I found these nice lecture notes Lectures on localization and matrix models in supersymmetric Chern-Simons-matter theories so I am hoping to understand some parts of the Chern Simons theory better.

As an exercise in stenography I wrote down the Chern Simons action:

$$ S = \frac{k}{4\pi} \int_{M_3} (A \wedge dA + \frac{2}{3} A \wedge A \wedge A) $$

where $A$ is a connection on $M_3$ over some Lie group $G$. For now, I do not even bother asking why $A \wedge A \wedge A \neq 0$ or why this is a top-level form (a 3-form).

In many cases the Chern Simons path integral simplify or "localizes" to a matrix integral, so that's whaty I am interested in today.

$$ Z(S^3) = \int \prod_{i=1}^N d\mu_i \prod_{i < j} \sinh \left( \frac{\mu_i - \mu_j}{2} \right) \;\mathrm{exp}\left( - \frac{k}{8\pi}\sum \mu_i^2 \right)$$

what is the domain of integration here -- is it $\mathbb{R}^n$ ? I have no way of verifying this integral if I don't know the domain. Usually they just say the "Cartan" but I have on idea what that is.

This is very general. If instead of $G = U(N)$ we have any $G$:

$$ Z(S^3) \propto \int \prod_{i=1}^N d\mu_i \prod_{i < j} 2\sinh \left( \frac{\alpha \cdot \mu }{2} \right) \;\mathrm{exp}\left( - \frac{k}{8\pi}\sum \mu_i^2 \right) $$

where $\alpha = e_i - e_j$ in the case $G = U(N)$ so this becomes the first formula.

At first I thought this integral was Haar measure over the Unitary group, but that is an integral over the maximal torus $[0, 2\pi]^n$ in the Lie group instead of the Lie algebra. So I am really confused.

Wilson loops can be evaluated exactly for this Chern Simons theory.

$$ \langle W \rangle = \frac{e^{\frac{N\pi i}{k}}}{N} \frac{\sin \frac{N\pi}{k}}{\sin \frac{\pi}{k}} $$

Again I just found this in a paper and I am trying to understand this integral better. Apparently this is for fudamental representation of $U(N)$. In another paper, I found:

$$ \langle W_{\wedge^m \square} \rangle = \dots = \left[ \begin{array}{c} N \\ m \end{array} \right] $$

This might be the same formula. I know it also deals with a 3-sphere. If $m = 1$ the right side is $[N] = \frac{q^N - q^{-N}}{q - q^{-1}}$ with $q = e^{2\pi i t}$ and the sine functions emerge.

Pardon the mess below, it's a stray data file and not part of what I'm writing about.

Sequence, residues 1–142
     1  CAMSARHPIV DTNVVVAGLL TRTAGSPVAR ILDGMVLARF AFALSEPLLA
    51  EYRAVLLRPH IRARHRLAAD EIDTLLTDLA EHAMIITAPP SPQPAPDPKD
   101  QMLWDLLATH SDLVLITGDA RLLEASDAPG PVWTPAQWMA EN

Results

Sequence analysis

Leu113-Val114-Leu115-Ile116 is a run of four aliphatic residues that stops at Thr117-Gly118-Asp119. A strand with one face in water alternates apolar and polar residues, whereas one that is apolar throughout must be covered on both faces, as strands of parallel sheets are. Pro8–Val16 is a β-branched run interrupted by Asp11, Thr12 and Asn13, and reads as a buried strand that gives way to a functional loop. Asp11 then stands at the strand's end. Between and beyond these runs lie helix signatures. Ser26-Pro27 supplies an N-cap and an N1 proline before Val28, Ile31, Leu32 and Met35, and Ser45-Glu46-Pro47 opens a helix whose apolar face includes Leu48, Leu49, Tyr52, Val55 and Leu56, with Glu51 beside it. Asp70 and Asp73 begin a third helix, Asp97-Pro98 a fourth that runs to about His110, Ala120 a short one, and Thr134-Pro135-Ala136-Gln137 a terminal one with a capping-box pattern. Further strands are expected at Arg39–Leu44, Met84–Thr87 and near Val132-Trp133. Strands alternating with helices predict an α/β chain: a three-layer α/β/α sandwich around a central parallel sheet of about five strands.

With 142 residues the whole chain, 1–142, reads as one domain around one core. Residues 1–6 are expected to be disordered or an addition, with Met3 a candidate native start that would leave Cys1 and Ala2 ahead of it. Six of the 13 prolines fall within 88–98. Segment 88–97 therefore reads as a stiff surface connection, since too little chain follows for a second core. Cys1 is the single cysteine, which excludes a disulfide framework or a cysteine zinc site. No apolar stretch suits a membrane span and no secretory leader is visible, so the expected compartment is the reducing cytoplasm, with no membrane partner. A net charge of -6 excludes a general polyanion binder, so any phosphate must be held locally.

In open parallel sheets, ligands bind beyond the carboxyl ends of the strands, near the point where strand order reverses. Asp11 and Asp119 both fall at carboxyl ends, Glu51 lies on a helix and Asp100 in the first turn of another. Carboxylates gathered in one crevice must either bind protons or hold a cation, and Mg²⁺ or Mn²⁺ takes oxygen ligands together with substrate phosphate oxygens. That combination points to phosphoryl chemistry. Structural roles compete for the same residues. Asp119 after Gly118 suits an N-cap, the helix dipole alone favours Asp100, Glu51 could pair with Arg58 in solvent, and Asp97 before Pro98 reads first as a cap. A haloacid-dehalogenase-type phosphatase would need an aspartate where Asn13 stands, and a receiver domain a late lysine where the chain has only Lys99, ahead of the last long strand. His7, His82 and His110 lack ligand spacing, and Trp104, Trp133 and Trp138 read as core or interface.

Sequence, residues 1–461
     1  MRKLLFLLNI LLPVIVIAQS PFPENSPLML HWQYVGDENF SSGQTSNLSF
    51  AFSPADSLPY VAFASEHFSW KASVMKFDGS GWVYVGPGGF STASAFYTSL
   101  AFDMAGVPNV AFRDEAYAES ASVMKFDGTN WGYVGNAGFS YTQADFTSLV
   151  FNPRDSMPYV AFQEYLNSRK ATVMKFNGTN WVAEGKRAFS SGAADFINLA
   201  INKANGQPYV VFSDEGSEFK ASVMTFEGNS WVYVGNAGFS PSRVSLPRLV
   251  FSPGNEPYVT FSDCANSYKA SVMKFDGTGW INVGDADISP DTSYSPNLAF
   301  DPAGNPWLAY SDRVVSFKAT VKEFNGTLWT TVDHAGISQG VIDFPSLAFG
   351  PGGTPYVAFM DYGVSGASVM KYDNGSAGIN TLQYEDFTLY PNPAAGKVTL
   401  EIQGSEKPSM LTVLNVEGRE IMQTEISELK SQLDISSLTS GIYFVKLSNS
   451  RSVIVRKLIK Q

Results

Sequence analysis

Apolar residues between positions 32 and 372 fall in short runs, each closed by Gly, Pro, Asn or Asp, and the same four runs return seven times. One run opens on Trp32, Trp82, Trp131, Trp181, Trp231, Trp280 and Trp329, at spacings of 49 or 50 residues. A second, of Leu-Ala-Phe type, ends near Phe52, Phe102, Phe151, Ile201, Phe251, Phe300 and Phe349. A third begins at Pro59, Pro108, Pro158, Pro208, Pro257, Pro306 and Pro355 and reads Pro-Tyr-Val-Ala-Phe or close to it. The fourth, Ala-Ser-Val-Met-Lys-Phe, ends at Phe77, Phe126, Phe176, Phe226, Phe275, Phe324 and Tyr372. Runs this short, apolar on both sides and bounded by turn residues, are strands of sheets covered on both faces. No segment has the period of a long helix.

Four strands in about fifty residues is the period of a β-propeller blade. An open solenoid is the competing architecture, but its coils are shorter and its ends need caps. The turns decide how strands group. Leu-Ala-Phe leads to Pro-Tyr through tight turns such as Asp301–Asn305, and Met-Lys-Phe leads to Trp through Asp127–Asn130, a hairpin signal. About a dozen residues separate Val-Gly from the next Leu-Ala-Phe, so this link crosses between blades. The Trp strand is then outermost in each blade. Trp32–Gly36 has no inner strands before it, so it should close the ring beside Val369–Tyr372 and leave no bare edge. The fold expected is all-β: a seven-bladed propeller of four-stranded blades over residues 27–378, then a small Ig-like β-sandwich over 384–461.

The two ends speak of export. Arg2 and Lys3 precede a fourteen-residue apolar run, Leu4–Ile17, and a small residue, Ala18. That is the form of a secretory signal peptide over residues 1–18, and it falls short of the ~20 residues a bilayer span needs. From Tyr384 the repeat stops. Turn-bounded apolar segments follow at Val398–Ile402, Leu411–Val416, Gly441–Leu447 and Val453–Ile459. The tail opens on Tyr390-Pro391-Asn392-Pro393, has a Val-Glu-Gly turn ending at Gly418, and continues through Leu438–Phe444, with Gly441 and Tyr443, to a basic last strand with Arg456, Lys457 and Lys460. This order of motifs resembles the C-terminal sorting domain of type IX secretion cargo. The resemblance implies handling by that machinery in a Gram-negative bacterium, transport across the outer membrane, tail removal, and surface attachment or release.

I am nervous because that paper says $G = SU(N)$ instead of $G = U(N)$ (so determinant is always 1). Hopefully by now physicists agree on what the value of the Chern Simons path integral over the 3-sphere should be in this case... so it makes sense to ask for clarifications.

My apologies in advance for confusing all the terminology.

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    $\begingroup$ $A^3$ is not zero because it's a $\mathfrak{g}$-valued form and the various components do not necessarily commute. It's top-valued because the connection is a one-form and wedging three one-forms gives a three-form, which is top-valued on $M^3$. Also, you are missing a $\mathrm{Tr}_\mathfrak{g}$ in your definition of the CS action. $\endgroup$ – Ryan Unger Jan 17 '16 at 21:52
  • $\begingroup$ It's completely unclear what your actual question is. If your question is about the domain of integration, then there is a lost of irrelevant stuff here. " Usually they just say the "Cartan"" - this seems to indicate the integral is over the Cartan subalgebra/maximal torus. $\endgroup$ – ACuriousMind Jan 17 '16 at 22:11
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    $\begingroup$ Dear OP, it seems like you are missing a lof of background to understand the relation between Chern-Simons and matrix models. I recommend you to study chapters 1 and 2 of "Chern–Simons theory, matrix models and topological strings" by Marcus Mariño (Oxford Univ. Press 2005). $\endgroup$ – Hans Moleman Jan 17 '16 at 22:13
  • $\begingroup$ @ACuriousMind In the case of $G = SU(N)$ or $G = U(N)$ those integrals can be written as integrals over subsets of $\mathbb{R}^N$ and I am asking which ones... I am having difficulty computing the regions in each case. $\endgroup$ – john mangual Jan 17 '16 at 22:14
  • $\begingroup$ @HansMoleman Would you care to supply some of that background? Without a domain of integration there is no way to verify those integrals are correct except to take physicist's word for it. Marino's book looks interesting though. $\endgroup$ – john mangual Jan 17 '16 at 22:16

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